Home to the tallest mountains in Canada and some impressive wildlife, the Yukon is no stranger to hidden treasures and beautiful landscapes. Accessible by the Gold Rush, Inside Passage, and Rocky Mountain routes, travelers are sure to uncover remarkable experiences in this region. Add the following areas to your driving itinerary:


Driving north from Skagway on the Inside Passage route or as a short side trip from Whitehorse, you’ll encounter Carcross. Make your first stop at the startling colors of     Emerald Lake. A few minutes further up the road, experience Carcross Desert, affectionately known as “the world’s smallest desert.” Race down sand dune surrounded by snow-capped mountains. You have to see it to believe it! Carve out timefor this Carcross/Tagish First Nation community and be richly rewarded with surreal landscapes, a thriving arts scene, and an artisan marketplace.

Dawson City

At the height of the Klondike Gold Rush, Dawson City was home to some 40,000 residents – most seeking riches, some fame, and a few just happy to be caught up in the madness. Step back into those colorful, captivating days. Walk the rustic boardwalks past heritage buildings lining unpaved streets. Watch as characters of the Klondike come to life on a Parks Canada walking tour about town or a grand tour of the regal Palace Grand Theatre. And if all that gold rush ambience isn’t enough, get your fill of the region’s remarkable history at the Dawson City Museum.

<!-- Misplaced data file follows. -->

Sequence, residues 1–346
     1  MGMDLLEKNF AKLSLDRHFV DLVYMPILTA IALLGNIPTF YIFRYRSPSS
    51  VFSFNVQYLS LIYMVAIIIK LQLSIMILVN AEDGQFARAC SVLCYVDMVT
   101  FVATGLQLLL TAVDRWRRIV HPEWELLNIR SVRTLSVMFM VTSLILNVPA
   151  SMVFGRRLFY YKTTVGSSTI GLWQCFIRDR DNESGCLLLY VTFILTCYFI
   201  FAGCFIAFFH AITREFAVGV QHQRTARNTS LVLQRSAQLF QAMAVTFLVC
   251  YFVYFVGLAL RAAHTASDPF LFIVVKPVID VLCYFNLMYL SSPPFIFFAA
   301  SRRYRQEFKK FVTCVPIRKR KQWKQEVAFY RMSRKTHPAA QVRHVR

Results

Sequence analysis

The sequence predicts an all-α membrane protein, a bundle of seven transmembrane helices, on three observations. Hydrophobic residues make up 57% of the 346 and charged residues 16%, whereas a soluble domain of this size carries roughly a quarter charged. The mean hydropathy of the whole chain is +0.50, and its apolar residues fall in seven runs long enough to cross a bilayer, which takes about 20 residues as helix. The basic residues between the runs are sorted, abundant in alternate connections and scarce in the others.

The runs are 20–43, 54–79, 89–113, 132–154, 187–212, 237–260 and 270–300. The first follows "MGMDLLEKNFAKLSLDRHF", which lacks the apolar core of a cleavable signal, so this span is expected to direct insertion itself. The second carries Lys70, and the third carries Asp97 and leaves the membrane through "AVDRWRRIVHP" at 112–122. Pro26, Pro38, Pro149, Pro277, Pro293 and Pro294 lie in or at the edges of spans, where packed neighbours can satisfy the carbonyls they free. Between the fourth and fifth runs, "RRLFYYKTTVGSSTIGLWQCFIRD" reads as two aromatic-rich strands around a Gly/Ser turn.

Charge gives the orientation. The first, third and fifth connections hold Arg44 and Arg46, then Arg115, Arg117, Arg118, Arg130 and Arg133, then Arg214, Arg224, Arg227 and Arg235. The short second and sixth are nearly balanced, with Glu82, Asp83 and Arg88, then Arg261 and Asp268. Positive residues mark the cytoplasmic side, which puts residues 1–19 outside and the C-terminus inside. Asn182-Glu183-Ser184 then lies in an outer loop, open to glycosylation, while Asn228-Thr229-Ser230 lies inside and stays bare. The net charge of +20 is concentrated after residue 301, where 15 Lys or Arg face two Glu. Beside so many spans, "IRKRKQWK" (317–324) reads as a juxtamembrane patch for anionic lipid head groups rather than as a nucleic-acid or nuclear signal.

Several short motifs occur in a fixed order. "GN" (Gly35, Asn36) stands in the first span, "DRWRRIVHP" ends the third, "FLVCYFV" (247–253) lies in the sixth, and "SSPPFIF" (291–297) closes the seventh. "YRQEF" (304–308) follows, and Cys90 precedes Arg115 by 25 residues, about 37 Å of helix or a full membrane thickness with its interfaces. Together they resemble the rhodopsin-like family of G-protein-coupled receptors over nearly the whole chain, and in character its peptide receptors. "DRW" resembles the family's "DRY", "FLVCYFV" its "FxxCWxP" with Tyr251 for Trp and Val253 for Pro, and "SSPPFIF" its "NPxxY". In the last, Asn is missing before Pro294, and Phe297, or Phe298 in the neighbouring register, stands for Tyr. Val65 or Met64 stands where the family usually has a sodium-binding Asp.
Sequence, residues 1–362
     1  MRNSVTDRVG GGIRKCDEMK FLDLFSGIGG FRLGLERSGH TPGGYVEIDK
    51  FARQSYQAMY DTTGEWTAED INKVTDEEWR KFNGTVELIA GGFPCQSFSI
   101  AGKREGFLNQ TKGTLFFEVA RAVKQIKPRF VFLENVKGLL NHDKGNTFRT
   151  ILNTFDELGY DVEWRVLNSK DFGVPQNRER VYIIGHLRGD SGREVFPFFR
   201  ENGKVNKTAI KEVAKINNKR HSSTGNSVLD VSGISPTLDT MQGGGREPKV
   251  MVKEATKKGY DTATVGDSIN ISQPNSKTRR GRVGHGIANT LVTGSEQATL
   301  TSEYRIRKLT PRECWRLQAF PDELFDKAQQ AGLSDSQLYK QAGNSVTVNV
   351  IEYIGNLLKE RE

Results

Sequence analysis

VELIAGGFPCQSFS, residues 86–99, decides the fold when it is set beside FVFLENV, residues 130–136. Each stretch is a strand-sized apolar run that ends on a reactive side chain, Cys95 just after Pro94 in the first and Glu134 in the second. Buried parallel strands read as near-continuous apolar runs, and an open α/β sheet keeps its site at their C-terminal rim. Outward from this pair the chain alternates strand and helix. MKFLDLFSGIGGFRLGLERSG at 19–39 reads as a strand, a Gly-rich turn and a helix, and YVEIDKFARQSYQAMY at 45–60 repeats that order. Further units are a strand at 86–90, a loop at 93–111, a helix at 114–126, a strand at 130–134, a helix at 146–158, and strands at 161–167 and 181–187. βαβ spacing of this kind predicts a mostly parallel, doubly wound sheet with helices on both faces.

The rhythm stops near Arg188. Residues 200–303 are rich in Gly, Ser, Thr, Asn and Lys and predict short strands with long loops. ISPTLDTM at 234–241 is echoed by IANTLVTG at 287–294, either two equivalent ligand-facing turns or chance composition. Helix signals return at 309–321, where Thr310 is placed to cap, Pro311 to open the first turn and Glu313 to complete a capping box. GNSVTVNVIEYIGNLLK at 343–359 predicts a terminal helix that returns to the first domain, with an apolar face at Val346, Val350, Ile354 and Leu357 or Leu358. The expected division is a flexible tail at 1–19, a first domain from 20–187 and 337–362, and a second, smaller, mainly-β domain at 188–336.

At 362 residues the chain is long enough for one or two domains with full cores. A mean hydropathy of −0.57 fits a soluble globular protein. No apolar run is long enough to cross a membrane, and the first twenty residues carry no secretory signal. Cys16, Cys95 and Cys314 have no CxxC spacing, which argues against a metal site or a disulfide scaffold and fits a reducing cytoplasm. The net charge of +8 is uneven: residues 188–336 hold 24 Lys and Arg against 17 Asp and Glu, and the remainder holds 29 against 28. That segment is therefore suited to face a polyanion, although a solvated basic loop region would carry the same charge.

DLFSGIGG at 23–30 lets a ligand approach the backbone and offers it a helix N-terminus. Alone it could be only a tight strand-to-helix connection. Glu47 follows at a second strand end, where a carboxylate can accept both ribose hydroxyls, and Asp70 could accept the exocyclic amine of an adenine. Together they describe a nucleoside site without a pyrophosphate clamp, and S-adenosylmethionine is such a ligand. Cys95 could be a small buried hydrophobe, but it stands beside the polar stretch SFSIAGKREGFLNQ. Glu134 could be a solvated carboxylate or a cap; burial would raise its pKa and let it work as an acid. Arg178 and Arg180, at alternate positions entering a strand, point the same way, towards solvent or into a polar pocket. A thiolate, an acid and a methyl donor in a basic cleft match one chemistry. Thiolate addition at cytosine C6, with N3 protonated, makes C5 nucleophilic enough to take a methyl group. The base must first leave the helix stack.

Silver Trail Region

Also along the Gold Rush route, you can drive the Silver Trail (Yukon Highway 11) through the heart of the Yukon and relive the pioneer journey to mining towns that time forgot. From Keno City, drive up Signpost Road to Keno Hill past old mining structures to take in top-of-the-world hiking and views. Don’t forget to stop in Mayo. A former silver mining town, this community became the center point of the “alternative” rush and rests at the confluence of two rivers in a beautiful wilderness setting.

Find even more lesser-visited gems in the Yukon at

Lake and mountains in Yukon Territory
Photo Credit: Government of Yukon, R Hartmier


Home to the majestic peaks of the Rocky Mountains, it’s difficult to imagine that Alberta can offer more beauty than it already does. Considered to be one of the most diverse and scenic provinces in Canada, travelers who pass through Alberta along the Rockies route are in for a treat. Be sure to visit these communities on your drive north:

Canmore & Kananaskis

Part of the Canadian Rockies, Canmore and Kananaskis offer scenery as beautiful as Banff’s but with fewer crowds. Originally a coal mining town, Canmore is nestled within the stunning mountain region of Kananaskis. The area abounds with forests, lakes, rivers, waterfalls, glaciers, and seemingly endless paths and trails on which to explore it all. A playground of outdoor activities, from biking and camping to skiing and snowboarding, unique ventures await every season and skill level.